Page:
The Key to ETF Success

Exchange-traded funds remain the hottest corner of the investment world. Billions of dollars are flowing into these funds, and firms are falling all over themselves to bring novel ETFs to market. With all the different funds now available, investors should be careful not to overlook the one thing that may have the biggest impact on ETF returns.

Competition heats up
Recent news from Vanguard indicates that the firm will launch an ETF price war against industry maven Barclays Global Investors. Vanguard plans to introduce an exchange-traded fund covering the same market as Barclays' biggest ETF, iShares MSCI EAFE ETF (NYSE: EFA  ) , at a much lower cost. The new Vanguard fund, the Europe Pacific ETF, will track the same index as the iShares offering, but its 0.15% expense ratio will be less than half that of the iShares ETF.

It's easy to see why Vanguard is taking aim at this particular fund. iShares' MSCI EAFE fund is the industry's second-largest ETF, with more than $45 billion in assets. This move follows Vanguard's introduction earlier this year of its Total Bond Market Index ETF (AMEX: BND  ) , which charges 0.11% in expenses, compared to 0.24% for the comparable iShares Lehman Aggregate ETF (AMEX: AGG  ) .

The key to success
Vanguard has rightly hit on one of the most important attributes an exchange-traded fund can possess: low expenses. In ETFs or regular index mutual funds, one of the best predictors of good performance is the fund's expense ratio. When funds aren't actively managed, you're not paying for a stock picker's expertise in outguessing the market. Therefore, you shouldn't have to endure excessive fees. With all the index funds and ETFs attempting to track the S&P 500 Index, why not choose the one that charges you the least to do so?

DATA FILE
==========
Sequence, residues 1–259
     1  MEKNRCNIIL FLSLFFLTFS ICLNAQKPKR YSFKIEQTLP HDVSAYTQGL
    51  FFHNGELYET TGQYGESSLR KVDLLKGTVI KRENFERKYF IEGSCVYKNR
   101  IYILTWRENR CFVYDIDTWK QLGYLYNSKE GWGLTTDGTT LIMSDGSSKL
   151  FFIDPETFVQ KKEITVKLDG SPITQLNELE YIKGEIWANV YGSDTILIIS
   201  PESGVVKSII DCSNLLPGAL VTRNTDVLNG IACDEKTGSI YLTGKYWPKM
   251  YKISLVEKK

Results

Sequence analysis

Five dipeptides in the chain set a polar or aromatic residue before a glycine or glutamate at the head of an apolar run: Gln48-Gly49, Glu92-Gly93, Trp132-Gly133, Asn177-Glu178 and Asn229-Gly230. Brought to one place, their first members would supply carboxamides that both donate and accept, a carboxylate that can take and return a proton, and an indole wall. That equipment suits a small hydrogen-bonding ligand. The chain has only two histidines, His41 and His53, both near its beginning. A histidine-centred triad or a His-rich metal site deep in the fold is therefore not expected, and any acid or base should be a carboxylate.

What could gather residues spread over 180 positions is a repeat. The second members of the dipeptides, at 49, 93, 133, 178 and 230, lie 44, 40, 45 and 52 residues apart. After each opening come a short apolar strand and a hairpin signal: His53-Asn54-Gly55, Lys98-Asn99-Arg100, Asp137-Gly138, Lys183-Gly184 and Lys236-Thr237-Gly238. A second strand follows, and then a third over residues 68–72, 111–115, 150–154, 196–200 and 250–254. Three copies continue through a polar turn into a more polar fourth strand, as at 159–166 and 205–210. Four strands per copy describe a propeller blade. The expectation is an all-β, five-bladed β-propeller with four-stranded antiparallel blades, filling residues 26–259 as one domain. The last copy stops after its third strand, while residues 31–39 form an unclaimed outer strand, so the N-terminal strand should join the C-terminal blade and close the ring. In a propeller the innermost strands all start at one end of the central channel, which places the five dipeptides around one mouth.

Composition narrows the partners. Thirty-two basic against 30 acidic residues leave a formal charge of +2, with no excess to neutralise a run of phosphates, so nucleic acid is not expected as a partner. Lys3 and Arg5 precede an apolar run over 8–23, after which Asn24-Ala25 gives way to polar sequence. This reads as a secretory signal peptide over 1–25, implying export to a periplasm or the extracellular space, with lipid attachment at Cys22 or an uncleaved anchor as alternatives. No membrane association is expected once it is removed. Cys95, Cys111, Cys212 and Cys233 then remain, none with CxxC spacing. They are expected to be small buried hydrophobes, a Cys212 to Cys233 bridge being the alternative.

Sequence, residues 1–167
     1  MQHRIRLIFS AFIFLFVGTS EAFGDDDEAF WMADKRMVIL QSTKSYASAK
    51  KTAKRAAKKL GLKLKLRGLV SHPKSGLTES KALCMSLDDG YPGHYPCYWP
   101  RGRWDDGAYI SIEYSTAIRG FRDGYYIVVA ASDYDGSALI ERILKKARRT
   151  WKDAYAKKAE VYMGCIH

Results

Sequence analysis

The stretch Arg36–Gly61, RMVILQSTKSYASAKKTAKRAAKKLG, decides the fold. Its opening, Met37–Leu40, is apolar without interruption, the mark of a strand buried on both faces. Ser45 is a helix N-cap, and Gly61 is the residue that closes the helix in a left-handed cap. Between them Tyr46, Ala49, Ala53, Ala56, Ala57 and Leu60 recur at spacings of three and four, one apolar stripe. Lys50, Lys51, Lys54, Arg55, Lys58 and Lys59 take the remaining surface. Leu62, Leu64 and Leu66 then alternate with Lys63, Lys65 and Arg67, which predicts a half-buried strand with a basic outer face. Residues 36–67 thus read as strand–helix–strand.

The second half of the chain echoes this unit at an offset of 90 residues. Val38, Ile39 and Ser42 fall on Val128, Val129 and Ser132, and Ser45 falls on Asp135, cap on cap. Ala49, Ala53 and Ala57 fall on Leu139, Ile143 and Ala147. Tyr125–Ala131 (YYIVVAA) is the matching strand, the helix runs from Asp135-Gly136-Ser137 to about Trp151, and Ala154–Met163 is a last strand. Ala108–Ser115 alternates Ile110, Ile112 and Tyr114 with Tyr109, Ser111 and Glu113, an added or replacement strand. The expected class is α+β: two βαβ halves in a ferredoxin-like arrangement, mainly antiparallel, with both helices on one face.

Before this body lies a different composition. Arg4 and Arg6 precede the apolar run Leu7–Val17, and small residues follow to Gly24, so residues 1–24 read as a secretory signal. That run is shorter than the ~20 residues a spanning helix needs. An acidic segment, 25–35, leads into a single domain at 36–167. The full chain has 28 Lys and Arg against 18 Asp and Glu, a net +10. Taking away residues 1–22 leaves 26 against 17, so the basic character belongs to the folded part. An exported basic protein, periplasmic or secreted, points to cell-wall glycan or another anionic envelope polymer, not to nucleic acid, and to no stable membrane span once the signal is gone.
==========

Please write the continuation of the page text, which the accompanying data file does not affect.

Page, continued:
The lack of active management means the marketplace doesn't tolerate high fees for index funds or ETFs, though investors may pay more for more actively managed funds. Check out the following average expense ratios for funds in the Morningstar database:

Fund Category

Average Expense Ratio

Open-End Mutual Funds

1.34%

Index Mutual Funds

0.65%

Exchange-Traded Funds

0.52%

Clearly, much of the benefit of owning either an index fund or ETF is their lower expense relative to actively managed funds. However, even among index funds and ETFs, expenses vary widely:

Index Mutual Fund

Net Expense Ratio

AMIDEX Cancer Innovation & Healthcare Index (CNCRX)

4.46%

Vanguard Institutional Index Inst Shares (VIIIX)

0.02%

Exchange-Traded Fund

Net Expense Ratio

HealthShares Euro Drugs ETF (NYSE: HRJ  )

0.95%

Vanguard Total Stock Market ETF (AMEX: VTI  )

0.07%

The funds listed above should also tell you something about the relative cost of broader-market funds and ETFs compared to more narrow, specialized funds. The smaller the slice of the market, the more you'll likely pay for the associated fund. Recent evidence shows that as new ETFs become increasingly specialized, the average expense ratio for all ETFs is creeping up.

Keeping expenses lean
If you're in the market for an exchange-traded fund, look first at how much management will charge you to own it. Typically, funds that maintain rock-bottom expenses will have just enough of an edge to beat out those bogged down by higher costs. There's no need to buy pricey ETFs that focus on narrow market segments -- think broad, and think cheap.

As firms such as Vanguard and Barclays continue to duke it out for dominance in the ETF arena, costs will likely continue to fall across the board. That should be a good thing -- for both investors and the ETF market in general.

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Fool contributor Amanda Kish lives in Rochester, N.Y., and does not own shares of any of the companies or funds mentioned herein. The Fool's disclosure policy covers everyone, and charges nothing.


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